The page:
Retail spending in the United States fell a record 16.4% from March to April, the second straight record decrease in Americans’ retail spending after the first, in March, saw retail spending fall by 8.3%.
This decline marks the largest since 1992, when data first started being collected.
The report also shows that retail spending is down 21.6% compared to last year, highlighting the extent to which retailers have been impacted by nationwide stay-at-home orders and business closures as a result of the coronavirus outbreak.
Spending in all categories declined, with non store retailers being the exception, as e-commerce giants like Amazon witnessed a spike in demand.
Clothing stores had the sharpest decline, with a 78.8% drop from March and an 89.3% drop from last year. Sales of electronics and appliances were down 60.6%, while home furniture sales fell 58.7%. Grocery store sales had initially increased in March due to panic buying, but fell 13.1% in April.
Beyond declining sales, the retail industry has had to deal with a significant number of layoffs, with over 2.1 million jobs being lost in the retail sector, according to the US Bureau of Labour Statistics.
Problems in retail before the pandemic
For many traditional retailers, the coronavirus pandemic only compounded their struggles, with many already carrying enormous debts and trying to keep pace as consumer preferences gravitated ever more towards online shopping.
Last year, over 9,300 major US retail stores announced closures, and with revenues drying up, more retailers are being pushed towards bankruptcy.
On Friday, JCPenney, one of the county’s largest apparel and home retailers with over 800 stores and nearly 85,000 employees, filed for Chapter 11 bankruptcy protection. The company had been facing financial losses and declining sales for years.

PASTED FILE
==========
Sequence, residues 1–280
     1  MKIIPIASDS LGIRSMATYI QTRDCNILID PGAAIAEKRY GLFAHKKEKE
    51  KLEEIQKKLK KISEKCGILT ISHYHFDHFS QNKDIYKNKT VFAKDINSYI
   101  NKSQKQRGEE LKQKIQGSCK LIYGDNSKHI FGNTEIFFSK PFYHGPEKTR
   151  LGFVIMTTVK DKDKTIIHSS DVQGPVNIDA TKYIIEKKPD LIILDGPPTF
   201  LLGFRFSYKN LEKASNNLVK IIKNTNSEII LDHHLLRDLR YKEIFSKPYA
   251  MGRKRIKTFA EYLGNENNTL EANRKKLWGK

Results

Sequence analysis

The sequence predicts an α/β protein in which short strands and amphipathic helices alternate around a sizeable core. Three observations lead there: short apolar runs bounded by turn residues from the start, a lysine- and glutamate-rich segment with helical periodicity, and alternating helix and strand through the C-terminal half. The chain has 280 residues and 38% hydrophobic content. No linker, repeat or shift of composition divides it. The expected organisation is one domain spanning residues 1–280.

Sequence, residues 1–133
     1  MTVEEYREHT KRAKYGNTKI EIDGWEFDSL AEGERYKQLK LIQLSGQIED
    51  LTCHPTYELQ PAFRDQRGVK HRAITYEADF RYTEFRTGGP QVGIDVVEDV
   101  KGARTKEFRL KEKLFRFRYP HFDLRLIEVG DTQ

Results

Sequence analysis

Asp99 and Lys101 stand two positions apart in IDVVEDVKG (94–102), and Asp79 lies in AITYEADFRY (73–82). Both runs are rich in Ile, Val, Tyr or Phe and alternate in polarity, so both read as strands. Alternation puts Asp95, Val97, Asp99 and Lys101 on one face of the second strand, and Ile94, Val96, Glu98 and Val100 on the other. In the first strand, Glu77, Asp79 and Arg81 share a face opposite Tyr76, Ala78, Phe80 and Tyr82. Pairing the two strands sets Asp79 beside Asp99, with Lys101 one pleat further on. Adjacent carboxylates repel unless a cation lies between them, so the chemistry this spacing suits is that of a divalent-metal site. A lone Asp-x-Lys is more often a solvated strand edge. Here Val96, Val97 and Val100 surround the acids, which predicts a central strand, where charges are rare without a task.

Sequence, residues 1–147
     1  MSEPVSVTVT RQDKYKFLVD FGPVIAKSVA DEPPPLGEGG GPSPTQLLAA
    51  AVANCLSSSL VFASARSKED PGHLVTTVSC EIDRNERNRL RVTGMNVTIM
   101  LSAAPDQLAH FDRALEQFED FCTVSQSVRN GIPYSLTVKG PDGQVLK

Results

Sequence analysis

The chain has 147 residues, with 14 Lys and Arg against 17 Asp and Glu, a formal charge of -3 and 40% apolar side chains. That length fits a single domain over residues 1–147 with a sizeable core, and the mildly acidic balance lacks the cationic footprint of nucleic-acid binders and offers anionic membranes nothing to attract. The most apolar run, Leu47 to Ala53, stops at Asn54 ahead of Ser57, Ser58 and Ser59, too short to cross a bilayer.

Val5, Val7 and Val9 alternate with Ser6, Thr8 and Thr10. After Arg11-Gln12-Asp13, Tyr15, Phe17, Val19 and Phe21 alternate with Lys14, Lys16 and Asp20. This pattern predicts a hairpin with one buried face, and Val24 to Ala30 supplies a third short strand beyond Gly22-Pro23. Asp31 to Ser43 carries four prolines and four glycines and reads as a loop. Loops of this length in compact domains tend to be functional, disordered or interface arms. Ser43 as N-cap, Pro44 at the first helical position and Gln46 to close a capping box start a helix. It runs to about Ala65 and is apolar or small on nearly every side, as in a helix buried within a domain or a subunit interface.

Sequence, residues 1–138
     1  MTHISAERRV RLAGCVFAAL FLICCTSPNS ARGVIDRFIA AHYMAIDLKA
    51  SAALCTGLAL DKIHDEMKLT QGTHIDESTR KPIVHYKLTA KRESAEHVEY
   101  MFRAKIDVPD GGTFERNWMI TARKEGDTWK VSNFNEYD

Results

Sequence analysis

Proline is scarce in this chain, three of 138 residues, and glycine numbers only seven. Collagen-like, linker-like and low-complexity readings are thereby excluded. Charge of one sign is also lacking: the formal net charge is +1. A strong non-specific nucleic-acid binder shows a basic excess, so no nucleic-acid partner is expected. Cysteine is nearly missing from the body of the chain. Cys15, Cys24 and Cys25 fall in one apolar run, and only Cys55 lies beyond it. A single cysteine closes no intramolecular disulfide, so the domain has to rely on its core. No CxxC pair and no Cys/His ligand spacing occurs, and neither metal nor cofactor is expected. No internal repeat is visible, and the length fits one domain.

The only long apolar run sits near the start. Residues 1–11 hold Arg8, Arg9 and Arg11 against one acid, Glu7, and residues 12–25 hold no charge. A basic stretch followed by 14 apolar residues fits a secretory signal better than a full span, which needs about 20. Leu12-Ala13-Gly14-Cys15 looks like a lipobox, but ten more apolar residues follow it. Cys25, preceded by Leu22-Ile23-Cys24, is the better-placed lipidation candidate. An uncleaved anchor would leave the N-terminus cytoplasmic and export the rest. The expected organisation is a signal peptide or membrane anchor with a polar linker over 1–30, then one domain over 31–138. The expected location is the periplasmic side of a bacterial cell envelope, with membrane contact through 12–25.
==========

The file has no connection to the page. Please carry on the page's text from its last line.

“Implementing this financial restructuring plan through a court-supervised process is the best path to ensure that JCPenney will build on its over 100-year history to serve our customers for decades to come,” said CEO Jill Soltau in a statement.
The 118-year old department store chain plans to restructure during bankruptcy, with 70% of its lien lenders supporting the restructuring plan. The company has received US$900 million in debtor-in-possession (DIP) financing from existing lenders.
The coronavirus pandemic and the subsequent economic fallout has caused a spate of bankruptcies beyond just the retail sector.
According to the American Bankruptcy Institute (ABI), commercial Chapter 11 filings in April increased by 26% compared to last year.
“The extraordinary measures taken by Congress and the Administration to assist individuals and businesses weather the initial economic shock caused by the pandemic have likely staved off bankruptcy filings to date,” said ABI Executive Director Amy Quackenboss in a statement. “As financial challenges continue to escalate amid this crisis, bankruptcy is sure to offer a financial safe harbor from the economic storm.”
The retail industry could be further impacted by the bankruptcies of other large department store chains.
Before the pandemic, malls across the country were already closing down as chains like Macy’s and Sears closed their stores. Without the drawing power of these anchor stores, other stores were similarly forced to close.
With more and more stores likely to close in the retail sector, mall-based-businesses could die out entirely, causing the number of zombie malls dotting the country to further increase.
Online retailers thrive
Meanwhile, online sales were up 8.4% as the number of people staying indoors has led companies like Amazon to thrive, though smaller online retailers have struggled to keep up with demand.
Along with Amazon, retail chains that also sell groceries, like Walmart and Target, have seen their shares rise during the lockdown. Retailers, sensing a massive opportunity to capitalize on the demand for groceries, have been expanding their online sale operations and ramping up delivery operations.
While some stores have begun opening, it’s still unclear whether retail stores will make a comeback. Consumer spending could drastically reduce due to increasing unemployment, further pushing consumers to only spend on essential items.
Uncertainty also exists over whether consumers will even want to return to retail stores or simply continue to rely on online services.
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